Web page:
13. An Atlanta-based hairdresser relocates to her Michigan origins following a devastating and unexpected HIV diagnosis. She reunites with her sister, adopts a baby, rediscovers love and finds excitement in the city she once deemed unworthy.

  14. Iola Leroy stands as one of the first novels ever published by an African-American woman and concerns itself with the mixed-race daughter of a former slave owner and the wife he once owned. But once the planter dies, she winds up thrust into servitude of her own before being freed and piecing together the broken fragments of her family.

  15. Barbara Neely’s debut novel introduced mystery aficionados to cook and housekeeper Blanche White, who eventually winds up playing detective while running from fraud charges. Her position as a majorly marginalized individual (along both class and race lines) allows her to go about her investigations smoother – handy, considering her first case involves a murdered gardener.

  16. Speculation about The Bondwoman’s Narrative abounds, with many scholars believing it might be the very first novel ever written by an African-American woman; it wasn’t published until 2002, however. This slave story makes for another first-person example about the horrors faced by people dehumanized by others who wrongfully forced them into bondage.

  17. Odessa Rose’s sensuous story twists and turns throughout an attraction triangle shared by a popular sculptress, a man she loves and the woman she ends up loving even more. It’s a joyous journey through eroticism and art alike, and many readers consider it a major triumph of African-American lesbian literature.

  18. Even skeptics towards the romance genre can still appreciate The Color of Love for its frank, grounded depiction of the unique challenges interracial couples frequently face. Few authors ever put forth the effort to explore the realities behind such relationships, and fewer still with as much gravitas and intelligent commentary as Sandra Kitt.

  19. At age 64, protagonist Avey Johnson heads out on a cruise to Carraiacou to find herself and better connect with her heritage after widowhood. Interspersed throughout her experiences on the Carribbean island are scenes taken from her childhood, marriage and motherhood to help her come to terms with where she’s been and where she may very well go.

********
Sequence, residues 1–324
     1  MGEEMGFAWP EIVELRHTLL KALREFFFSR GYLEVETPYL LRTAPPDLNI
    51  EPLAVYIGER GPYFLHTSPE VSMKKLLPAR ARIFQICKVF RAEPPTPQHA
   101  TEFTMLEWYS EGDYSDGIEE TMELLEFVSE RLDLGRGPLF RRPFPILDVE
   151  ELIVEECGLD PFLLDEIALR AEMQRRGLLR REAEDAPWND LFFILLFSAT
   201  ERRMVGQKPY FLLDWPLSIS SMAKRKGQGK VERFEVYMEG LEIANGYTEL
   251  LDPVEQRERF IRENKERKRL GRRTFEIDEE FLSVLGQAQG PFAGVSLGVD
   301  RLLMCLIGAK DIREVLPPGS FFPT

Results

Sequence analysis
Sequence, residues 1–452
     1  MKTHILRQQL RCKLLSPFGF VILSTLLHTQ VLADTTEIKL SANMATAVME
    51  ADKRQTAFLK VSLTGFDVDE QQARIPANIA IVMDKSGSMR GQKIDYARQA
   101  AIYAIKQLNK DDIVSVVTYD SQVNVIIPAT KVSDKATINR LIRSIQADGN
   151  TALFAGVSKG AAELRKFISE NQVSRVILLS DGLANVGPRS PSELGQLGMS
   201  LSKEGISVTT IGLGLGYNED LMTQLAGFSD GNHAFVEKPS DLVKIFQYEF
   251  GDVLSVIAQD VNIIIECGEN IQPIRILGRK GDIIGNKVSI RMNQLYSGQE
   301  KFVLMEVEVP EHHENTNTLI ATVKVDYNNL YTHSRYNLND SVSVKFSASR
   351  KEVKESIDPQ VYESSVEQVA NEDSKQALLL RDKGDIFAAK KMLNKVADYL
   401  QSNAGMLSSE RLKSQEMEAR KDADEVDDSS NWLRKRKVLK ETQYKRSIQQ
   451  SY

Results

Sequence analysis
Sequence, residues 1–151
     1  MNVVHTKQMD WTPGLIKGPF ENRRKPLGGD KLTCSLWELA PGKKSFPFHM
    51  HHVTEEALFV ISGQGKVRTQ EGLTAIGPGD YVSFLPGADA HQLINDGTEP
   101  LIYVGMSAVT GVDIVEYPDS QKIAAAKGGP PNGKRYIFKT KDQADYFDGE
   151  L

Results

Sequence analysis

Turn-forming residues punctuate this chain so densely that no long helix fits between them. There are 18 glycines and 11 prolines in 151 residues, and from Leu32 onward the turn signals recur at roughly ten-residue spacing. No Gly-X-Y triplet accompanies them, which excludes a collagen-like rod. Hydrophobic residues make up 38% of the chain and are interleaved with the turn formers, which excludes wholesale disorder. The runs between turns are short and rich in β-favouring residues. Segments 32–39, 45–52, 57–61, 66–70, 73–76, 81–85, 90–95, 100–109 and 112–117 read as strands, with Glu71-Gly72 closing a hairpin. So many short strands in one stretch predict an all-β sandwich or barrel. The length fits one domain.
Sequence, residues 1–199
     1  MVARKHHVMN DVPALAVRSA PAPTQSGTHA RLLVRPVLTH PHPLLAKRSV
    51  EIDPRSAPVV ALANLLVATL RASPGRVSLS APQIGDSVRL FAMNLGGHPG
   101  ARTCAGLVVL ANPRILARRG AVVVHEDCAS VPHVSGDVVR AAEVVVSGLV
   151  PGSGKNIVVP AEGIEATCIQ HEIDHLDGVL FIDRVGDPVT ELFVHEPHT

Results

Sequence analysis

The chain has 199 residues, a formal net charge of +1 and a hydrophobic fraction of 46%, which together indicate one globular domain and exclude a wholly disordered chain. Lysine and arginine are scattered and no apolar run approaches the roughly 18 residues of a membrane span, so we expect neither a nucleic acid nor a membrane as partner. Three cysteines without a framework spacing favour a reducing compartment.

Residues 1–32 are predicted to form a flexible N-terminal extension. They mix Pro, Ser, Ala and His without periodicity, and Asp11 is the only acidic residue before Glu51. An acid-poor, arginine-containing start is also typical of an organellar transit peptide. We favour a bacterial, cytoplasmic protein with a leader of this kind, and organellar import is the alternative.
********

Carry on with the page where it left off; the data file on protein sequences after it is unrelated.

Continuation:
20. Through the powerful voice of haunted blues chanteuse Ursa Corregidora, her brutal family history of slavery collides with the realities and experiences of African-Americans in the 1930s. Her newly-acquired inability to bear children challenges her to think of the bitter past that scarred her mother and grandmother.

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“Brazil is Half Brown, But Has No Brown-Skinned Women Among 27 Miss Brazil 2011 Candidates.”

Guest post from Francis Holland:

Look at this year’s candidates for Ms. Brasil. Of approximately 27 from each state and the Federal District in the country, not a single one has brown skin, even though the population of Brazil includes 50% of Brazilians with brown or tan Afro-descendent skin (see statistics below).

Fonte: IBGE * 2005 , ** Censo 2010

Etnias (Ethnicities) no Brasil

Pardos: 42,6%  (means brown skin, like e.g. Francis L. Holland)
Brancos: 49,7%
Negros: 6,9%   (means brown or black skin)
Indígenas: 0,3%
Amarelos: 0,5%

The population of the state of Bahia, where I live, has a ratio of ten brown-skinned people for every three white-skinned people, and yet the state’s representative at the Miss Brazil contest will be white-skinned, whatever her heritage may be.  And for at least the last two years, Ms. Bahia has been white.

In all fairness and reality, if you carefully study the faces of each of the women in the above video, specialist in who has recent African ancestry may be able to identify three or four women whose noses and lips are of a shape often associated with brown skin, even though their skin is not brown.  And some of these women may proudly state that they are Black.  However, the skin color test is quite evident here, as it is in many other parts of Brazilian society.

Miss. Amapá, Miss Ceará, Miss Espiritu Santo, Miss Maranhão, Miss Mato Grosso, Miss Paraíba, Miss Paraná, Miss Sergipe and Miss Tocantins skin colors represent the outer limits of brownness for those seeking employment as dancers, guests and actors on many television soap operas and variety shows.  Any darker and they become invisible.

Just look at the all-white cast of a recent miniseries, called “Tí, Tí, Tí, to confirm that only three out of seventy-six characters have unambiguously brown skin, and one of the two Black women plays a maid.  In a country that is half brown, a television series has whites out-numbering Blacks by a ratio of 25 to 1.  Color-determined roles are worse on Brazilian television than politics South Africa’s historical apartheid regimes.